It’s eight o’clock on a Friday night. You’ve blocked out this time specifically for writing, knowing it would be the one night this week you would have two to three free hours to get something done. You’re ready to go. You’ve set up your writing space at the kitchen table. You have blankets and tea and a Word document open on your laptop. It’s time to write.

Yet you just keep staring at that virtual page. You have no idea what to write. You want to. You need to, probably. Time isn’t the issue. Privacy isn’t a problem. This is the perfect time and place to write. You even feel motivated to start typing. You just can’t.

Many would call this writer’s block. I don’t, because it’s worse than a myth: it’s a lazy excuse for not getting anything done. There will come these moments when you’re trying as hard as you can to write, but nothing’s coming of it. What you have to realize in these moments is the amount of pressure you are putting on yourself. You’ve set yourself up to get all this work done; you’re ready to leap off that diving board into a pool of creativity. But you just end up standing up there on the edge, wondering if it’s actually worth diving headfirst into uncertainty.

It’s moments like these that stop far too many writers from ever meeting their full potential. Most of them don’t even know what’s happening to them. They just assume there’s something wrong – bad timing; lack of motivation; no “muse.” They take the advice to get up and clear your head for a few minutes as an excuse to abandon their work until they’re “inspired” again. What’s the problem there? Inspiration very rarely comes along when you’re waiting for it.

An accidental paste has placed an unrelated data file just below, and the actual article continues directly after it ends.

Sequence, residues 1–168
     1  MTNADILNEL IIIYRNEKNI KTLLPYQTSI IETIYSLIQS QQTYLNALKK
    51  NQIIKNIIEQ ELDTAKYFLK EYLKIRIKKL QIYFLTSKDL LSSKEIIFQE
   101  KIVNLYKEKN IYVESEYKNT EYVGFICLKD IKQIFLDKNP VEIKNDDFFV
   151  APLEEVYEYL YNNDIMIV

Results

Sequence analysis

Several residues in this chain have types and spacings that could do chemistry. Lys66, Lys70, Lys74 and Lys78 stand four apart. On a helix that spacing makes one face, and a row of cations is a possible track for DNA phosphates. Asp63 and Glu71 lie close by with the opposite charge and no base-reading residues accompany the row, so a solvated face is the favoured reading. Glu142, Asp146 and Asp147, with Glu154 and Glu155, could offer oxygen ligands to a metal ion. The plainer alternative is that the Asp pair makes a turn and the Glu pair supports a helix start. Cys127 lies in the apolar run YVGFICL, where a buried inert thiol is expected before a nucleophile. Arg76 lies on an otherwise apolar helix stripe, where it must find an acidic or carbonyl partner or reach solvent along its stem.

In these moments, you have to write anyway, even when it seems impossible. I struggled to start writing this blog post, but I didn’t quit. I told myself that if I could just write one sentence, even if it was terrible, I could get up, go get some more coffee and come back. My coffee mug is still empty. Once you start, stopping becomes the challenge.

These moments of mental struggle, of doubt, of fearing you’ll fail, these are normal. Every writer experiences them. The strongest ones write despite their weakest moments. This is going to happen to you. Treat these moments as opportunities, not excuses.

Just wait them out. Keep pushing through those nights you just don’t want to sit there and write something. It’s much harder to jump back in when you stop completely. Even if you have to write some really bad blog posts or chapters or essays. Even if you feel like you’re losing all your confidence or wasting precious time, nine times out of ten, if you just keep doing what you can to navigate the storm, it will pass. And you’ll emerge knowing you’ve tried the best you could – and compared to what you’ve already survived, what’s ahead might seem much more manageable.

Take that dive, even when you feel paralyzed. It’s very hard. Even I get frustrated with myself when I struggle to do something I wake up and do every single day. It doesn’t make sense half the time, but you sort of have to trick yourself into making it happen even when you’re terrified it won’t turn out right. You’re either going to fall flat or you’re going to nail that dive. Anything’s better than having to climb back down that ladder not having even tried at all.

Meg is the creator of Novelty Revisions, dedicated to helping writers put their ideas into words. She is a freelance writer and a nine-time NaNoWriMo winner with work published in Teen Ink, Success Story, Lifehack and USA TODAY College. Follow Meg on Twitter for tweets about writing, food and nerdy things.